But that turned out not to be our biggest finding. The biggest finding came out of nowhere and slapped us in the face.

Here's what our data showed: The conservatives in the study were spending a lot less time reading our essays than liberals. Unbeknownst to them, we had a timer, measuring down to the millisecond how long each student spent on each page of essay material we gave them to read (on a computer screen). And it didn't matter whether it was an essay that supported their beliefs or one that opposed them. It didn't matter if it was a political topic or an apolitical one. And it didn't matter if they were an economic conservative, a social conservative, an authoritarian and so on. Across the board, all kinds of conservatives spent less time reading our essays.

Being a good liberal and appreciating scientific uncertainty and the need for nuance, I must caution that this finding needs to be replicated in subsequent research. We only found it once, in one group of undergraduates, at one university. So, one must careful.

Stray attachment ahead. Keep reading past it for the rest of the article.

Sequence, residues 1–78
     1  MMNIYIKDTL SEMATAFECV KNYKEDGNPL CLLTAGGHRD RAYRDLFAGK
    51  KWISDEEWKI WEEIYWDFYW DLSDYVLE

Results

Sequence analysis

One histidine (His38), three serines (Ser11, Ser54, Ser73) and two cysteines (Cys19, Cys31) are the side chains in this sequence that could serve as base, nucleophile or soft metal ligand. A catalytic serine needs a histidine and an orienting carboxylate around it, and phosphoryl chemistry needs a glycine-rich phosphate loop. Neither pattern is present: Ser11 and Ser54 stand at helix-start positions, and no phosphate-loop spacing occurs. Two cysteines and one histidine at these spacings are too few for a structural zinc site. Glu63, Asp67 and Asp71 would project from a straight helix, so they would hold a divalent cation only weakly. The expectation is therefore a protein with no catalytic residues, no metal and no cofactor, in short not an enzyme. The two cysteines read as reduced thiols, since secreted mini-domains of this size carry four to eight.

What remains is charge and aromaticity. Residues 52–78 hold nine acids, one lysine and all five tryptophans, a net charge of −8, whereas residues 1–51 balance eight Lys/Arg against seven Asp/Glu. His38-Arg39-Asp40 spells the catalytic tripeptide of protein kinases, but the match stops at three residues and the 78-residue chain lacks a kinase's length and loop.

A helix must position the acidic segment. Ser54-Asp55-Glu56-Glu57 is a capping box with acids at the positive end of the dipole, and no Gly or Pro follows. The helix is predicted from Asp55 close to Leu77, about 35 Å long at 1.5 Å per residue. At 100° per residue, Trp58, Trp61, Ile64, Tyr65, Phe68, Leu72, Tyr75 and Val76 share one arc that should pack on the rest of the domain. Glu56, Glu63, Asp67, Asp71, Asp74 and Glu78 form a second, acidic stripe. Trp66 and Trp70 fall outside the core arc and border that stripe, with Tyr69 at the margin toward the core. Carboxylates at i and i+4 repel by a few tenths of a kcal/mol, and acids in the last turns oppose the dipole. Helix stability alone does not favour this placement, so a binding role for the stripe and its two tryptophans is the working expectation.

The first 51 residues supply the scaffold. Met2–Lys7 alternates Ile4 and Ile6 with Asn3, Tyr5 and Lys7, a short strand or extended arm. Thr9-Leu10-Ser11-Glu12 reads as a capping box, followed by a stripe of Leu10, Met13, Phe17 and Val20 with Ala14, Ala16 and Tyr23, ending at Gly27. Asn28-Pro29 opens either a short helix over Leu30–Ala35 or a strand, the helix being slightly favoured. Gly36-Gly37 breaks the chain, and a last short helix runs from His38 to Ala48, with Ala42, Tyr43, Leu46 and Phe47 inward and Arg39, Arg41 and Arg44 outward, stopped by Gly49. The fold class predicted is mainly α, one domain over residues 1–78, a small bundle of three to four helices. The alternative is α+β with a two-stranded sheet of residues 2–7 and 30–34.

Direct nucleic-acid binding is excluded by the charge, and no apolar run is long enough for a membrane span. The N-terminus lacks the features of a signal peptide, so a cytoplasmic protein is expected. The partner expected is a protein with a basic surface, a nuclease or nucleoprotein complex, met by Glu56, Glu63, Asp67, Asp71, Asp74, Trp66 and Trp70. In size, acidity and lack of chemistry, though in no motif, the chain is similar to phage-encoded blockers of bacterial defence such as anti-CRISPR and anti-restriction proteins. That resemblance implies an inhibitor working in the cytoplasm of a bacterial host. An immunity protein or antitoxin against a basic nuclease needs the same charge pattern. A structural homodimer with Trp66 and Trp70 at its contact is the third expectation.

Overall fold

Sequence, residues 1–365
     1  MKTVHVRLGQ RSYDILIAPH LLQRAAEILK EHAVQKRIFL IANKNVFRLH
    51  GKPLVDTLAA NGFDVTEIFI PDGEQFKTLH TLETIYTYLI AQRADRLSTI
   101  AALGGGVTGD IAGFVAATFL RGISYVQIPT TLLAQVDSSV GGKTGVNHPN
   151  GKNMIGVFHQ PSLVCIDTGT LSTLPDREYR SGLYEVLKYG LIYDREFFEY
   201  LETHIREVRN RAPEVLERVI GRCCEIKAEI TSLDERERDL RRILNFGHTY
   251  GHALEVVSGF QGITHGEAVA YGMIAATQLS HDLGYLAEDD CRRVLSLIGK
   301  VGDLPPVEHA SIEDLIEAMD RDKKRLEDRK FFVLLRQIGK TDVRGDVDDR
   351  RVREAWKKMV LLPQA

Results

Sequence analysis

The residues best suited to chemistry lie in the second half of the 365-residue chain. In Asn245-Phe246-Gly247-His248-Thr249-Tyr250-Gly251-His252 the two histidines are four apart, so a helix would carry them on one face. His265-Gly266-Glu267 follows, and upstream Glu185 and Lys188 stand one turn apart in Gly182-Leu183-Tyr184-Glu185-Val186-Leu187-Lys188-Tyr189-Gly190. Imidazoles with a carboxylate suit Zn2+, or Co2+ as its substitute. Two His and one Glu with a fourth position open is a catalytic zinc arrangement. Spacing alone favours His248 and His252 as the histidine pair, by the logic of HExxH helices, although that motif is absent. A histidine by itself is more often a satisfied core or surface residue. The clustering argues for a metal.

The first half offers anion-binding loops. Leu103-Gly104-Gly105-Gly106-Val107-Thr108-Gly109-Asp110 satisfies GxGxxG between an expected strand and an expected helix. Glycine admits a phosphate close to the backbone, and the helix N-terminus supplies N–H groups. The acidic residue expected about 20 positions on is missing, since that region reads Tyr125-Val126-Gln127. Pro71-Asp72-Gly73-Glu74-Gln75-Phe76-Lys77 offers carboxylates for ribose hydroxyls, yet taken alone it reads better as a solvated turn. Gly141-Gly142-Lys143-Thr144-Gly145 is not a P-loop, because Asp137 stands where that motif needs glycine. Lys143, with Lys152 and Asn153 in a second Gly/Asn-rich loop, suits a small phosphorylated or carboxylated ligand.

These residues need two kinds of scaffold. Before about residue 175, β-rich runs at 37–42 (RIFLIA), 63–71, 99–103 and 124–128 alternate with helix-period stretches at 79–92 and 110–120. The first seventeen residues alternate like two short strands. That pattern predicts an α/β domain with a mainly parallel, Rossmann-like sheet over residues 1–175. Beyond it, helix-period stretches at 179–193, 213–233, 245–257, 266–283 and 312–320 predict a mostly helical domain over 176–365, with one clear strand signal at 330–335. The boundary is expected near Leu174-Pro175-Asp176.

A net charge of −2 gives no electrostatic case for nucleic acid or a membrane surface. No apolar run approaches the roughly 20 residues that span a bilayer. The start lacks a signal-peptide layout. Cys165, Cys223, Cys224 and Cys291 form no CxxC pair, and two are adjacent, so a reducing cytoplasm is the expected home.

Still, I can't help thinking about this result now that the book itself is out and conservatives are attacking it without reading it.

This article is a Truthout original.

Chris Mooney

Chris Mooney is the author of four books, including "The Republican War on Science" (2005). His next book, "The Republican Brain: The Science of Why They Deny Science—and Reality," is due out in April.


Hide Comments

blog comments powered by Disqus